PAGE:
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Binocular Disassembly/Cleaning

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#1 Philip Levine

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Posted 05 November 2011 - 07:50 PM

I should mention I owe much to the posts on this forum, a special thanks to Marco Bensi and Simon Spiers, who have posted a number of photos of binocular "internals" they have disassembled and repaired in the "Vintage and Classic Binocular" thread. Seeing these photos gave me the courage to attempt some repairs of my own.
So I finally screwed up enough courage to disassemble and clean internal optics on three sets of older binoculars.
Two 7x50 Bushnell Banner binoculars, circa 1960's, and one Scope Custom 7x50, circa 1970's. All were a Japanese build and the disassembly and internal construction were similar.
All I needed for tools were a small Philips screwdriver, and one tiny flat blade screwdriver (to unscrew a tiny setscrew securing a flat disk holding the eyepieces in place).
Once the flat disk was unscrewed, the eyepiece assemblies slide out, then the remaining eyepiece tubes unscrewed, leaving the prism plates. Once the prism plate was removed, the prism assembly was held in place by three screws. Gingerly tilting and removing one prism assembly at a time, I then unscrewed the lower prism strap, removed the metal prism backing, allowing me to clean the prism glass. I used Windex and Bounty paper towels to clean the prisms.
What I did not do was try to clean the inner eyepiece glass, since past experience taught me to leave well enough alone - there always seems to be a layer of grease on the metal of the inner eyepiece. Trying to clean the inner eyepiece glass brought grease onto the glass, and caused streaking on the glass on the first binocular I disassembled last year (a Bell&Howell 8x40).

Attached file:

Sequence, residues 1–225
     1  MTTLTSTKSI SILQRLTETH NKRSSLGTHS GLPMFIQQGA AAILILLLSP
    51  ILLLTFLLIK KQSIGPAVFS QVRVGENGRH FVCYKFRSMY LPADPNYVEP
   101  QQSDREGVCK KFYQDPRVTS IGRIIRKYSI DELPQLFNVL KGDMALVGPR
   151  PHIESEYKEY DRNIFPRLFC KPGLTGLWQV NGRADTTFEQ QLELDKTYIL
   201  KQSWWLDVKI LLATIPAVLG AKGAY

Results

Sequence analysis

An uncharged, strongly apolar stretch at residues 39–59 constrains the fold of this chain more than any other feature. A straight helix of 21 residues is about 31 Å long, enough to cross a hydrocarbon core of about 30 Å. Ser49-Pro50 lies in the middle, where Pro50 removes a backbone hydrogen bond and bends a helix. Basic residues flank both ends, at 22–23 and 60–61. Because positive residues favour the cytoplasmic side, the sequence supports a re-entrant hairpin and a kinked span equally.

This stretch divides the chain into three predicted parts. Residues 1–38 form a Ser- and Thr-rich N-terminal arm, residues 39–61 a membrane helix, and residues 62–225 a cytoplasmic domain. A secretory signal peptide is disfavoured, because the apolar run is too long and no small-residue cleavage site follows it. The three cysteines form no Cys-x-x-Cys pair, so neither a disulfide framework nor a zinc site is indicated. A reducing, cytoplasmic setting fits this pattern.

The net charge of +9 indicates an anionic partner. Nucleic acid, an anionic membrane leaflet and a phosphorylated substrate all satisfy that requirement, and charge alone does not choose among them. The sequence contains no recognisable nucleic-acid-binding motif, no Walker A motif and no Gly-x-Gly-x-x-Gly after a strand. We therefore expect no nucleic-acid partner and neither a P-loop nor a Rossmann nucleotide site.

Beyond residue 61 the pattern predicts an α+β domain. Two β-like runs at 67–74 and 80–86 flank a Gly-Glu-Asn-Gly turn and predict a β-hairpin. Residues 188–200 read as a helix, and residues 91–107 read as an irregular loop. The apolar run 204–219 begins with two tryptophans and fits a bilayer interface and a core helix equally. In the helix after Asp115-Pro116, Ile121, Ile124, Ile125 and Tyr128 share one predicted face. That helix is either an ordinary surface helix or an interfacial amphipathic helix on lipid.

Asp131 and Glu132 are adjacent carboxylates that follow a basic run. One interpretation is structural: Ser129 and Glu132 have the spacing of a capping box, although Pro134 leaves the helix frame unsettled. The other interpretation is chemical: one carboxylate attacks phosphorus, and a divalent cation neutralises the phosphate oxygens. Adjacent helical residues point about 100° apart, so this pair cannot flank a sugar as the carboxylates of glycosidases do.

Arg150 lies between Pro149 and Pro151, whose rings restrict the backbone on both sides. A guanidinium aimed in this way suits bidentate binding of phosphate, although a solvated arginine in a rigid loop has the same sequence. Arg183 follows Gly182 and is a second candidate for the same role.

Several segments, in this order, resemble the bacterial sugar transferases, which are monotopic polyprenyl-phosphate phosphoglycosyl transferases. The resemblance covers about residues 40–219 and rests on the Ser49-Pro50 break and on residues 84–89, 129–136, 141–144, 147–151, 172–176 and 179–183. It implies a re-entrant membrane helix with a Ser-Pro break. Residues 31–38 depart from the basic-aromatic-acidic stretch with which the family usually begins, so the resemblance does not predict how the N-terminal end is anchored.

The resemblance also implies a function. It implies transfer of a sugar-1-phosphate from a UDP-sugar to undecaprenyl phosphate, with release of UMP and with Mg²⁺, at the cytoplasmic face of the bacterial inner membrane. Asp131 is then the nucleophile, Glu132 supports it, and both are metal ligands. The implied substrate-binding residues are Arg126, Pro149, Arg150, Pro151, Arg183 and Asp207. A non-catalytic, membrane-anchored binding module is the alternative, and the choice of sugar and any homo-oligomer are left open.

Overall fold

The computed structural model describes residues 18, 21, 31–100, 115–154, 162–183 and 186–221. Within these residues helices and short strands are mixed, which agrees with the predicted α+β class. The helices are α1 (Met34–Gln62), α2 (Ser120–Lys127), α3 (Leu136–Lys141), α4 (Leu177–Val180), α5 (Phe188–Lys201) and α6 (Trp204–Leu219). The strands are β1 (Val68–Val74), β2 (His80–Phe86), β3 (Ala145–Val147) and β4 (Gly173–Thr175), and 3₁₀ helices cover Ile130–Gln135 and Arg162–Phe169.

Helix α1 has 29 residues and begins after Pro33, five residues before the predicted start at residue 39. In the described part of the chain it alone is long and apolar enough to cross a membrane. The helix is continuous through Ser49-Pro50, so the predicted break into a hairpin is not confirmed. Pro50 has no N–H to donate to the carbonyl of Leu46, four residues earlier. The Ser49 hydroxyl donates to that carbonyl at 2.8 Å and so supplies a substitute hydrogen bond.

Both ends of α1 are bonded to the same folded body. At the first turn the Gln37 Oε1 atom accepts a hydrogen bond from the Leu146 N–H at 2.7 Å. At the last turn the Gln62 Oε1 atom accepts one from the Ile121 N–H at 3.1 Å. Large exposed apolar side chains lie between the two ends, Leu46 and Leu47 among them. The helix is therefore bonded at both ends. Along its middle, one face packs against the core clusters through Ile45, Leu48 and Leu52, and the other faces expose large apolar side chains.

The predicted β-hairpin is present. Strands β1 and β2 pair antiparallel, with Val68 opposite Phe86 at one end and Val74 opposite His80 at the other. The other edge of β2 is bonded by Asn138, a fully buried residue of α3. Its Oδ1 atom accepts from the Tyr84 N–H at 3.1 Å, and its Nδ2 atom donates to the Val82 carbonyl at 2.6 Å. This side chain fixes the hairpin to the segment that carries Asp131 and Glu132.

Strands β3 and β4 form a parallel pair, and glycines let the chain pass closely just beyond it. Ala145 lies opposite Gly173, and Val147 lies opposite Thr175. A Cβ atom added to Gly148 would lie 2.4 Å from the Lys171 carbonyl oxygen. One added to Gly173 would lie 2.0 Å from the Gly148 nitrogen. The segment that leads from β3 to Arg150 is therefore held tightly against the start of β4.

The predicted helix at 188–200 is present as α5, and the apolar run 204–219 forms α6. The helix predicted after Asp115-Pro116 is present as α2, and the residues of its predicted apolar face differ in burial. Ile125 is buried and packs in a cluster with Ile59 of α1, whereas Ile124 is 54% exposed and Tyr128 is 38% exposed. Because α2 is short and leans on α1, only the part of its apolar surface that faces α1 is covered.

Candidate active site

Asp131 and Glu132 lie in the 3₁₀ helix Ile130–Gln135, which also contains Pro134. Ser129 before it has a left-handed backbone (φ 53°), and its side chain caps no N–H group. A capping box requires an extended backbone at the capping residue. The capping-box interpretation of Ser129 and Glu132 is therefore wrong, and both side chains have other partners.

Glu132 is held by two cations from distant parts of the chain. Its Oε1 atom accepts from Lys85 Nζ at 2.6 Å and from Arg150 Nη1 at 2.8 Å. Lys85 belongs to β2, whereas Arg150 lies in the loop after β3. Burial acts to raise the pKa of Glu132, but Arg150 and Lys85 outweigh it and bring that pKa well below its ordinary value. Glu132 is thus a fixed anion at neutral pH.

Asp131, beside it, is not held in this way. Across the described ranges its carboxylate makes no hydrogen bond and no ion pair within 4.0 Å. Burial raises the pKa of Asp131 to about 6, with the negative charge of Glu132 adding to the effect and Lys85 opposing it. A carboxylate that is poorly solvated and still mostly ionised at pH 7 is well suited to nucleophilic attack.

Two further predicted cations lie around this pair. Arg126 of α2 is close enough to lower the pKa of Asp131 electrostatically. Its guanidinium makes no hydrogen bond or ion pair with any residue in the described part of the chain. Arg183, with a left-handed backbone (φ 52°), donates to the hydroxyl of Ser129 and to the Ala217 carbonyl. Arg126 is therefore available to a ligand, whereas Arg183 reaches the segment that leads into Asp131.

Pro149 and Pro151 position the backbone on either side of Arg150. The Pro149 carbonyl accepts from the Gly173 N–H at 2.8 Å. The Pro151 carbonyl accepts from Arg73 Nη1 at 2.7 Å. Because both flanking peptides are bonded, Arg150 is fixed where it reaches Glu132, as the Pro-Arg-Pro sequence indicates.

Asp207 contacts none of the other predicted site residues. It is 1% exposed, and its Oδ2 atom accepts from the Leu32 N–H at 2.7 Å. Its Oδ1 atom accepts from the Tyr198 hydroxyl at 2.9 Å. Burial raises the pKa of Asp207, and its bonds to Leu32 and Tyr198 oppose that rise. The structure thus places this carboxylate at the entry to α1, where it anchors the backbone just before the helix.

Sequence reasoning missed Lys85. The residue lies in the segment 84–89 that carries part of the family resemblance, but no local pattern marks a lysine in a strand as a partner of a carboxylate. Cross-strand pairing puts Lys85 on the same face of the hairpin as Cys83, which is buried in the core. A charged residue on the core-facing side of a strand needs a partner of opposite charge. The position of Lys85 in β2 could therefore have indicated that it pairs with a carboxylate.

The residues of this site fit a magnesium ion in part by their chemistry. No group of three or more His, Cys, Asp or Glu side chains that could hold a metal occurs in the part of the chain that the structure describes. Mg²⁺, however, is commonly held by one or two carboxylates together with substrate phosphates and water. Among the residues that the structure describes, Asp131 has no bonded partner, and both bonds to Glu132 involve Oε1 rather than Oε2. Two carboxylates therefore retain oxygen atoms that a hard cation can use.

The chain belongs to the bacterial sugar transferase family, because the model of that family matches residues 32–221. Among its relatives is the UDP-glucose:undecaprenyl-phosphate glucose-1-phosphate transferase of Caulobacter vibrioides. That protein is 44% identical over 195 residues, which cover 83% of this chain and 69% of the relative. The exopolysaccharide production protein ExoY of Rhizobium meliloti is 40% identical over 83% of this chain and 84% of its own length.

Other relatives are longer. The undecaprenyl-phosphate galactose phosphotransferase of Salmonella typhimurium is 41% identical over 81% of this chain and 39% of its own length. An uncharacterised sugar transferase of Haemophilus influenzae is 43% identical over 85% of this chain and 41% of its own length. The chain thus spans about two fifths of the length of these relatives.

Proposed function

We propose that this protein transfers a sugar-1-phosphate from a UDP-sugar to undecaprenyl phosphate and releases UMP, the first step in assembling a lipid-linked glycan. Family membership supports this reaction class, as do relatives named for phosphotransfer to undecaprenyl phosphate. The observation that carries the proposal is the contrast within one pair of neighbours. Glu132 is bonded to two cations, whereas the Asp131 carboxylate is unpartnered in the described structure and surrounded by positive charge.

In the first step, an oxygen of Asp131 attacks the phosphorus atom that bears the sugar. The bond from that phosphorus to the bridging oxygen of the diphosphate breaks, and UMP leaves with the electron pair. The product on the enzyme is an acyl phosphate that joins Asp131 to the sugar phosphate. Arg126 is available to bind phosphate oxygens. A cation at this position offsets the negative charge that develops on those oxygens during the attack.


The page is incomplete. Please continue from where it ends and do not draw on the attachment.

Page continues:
I also refrained from trying to clean the inner glass of the objectives when the prism assembly was removed.
I found cleaning the prisms did the trick removing the internal "cloudiness" seen when looking backwards through the objective end. The Bushnell Banner binocular glass now looks bright and clean, viewing is noticeably brighter.
The Scope Custom binocular before cleaning had noticeable fungus "tendrils" growing on the prism glass. After cleaning there is no evidence of any fungus, or etching damage caused by the fungus.
So I was hesitant about disassembling prism assemblies, fearing I would throw the optics out of alignment, but I found the task of reseating and reassembling prisms to be easier than expected.
Cleaning these older binoculars was rewarding, I've given them a new lease on life, and made these quality build binoculars more functional.
Phil

#2 amicus sidera

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Posted 05 November 2011 - 09:00 PM

You're to be congratulated on your initiative! Most would find such an endeavor quite daunting. While care and reason play a large part when disassembling delicate instruments such as these, even so, that first step after you decided to "take the plunge" must have been a bit of a moment for you.

#3 Jawaid I. Abbasi

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Posted 05 November 2011 - 09:09 PM

Philip,
If you can put pictures (if any taken) and steps in your website and here; that will assist other users who dare to un-assemble their binocular to clean.

Putting in your website (ifyou have one) gives quick access then here will be an excellent idea.

#4 Simon S

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Posted 06 November 2011 - 11:21 AM

Thanks Phil, for your comments, yes internal cleaning is hugely rewarding optically. I still have a Kershaw 6x30 I left dirty one side as a comparison.

#5 Philip Levine

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Posted 06 November 2011 - 03:09 PM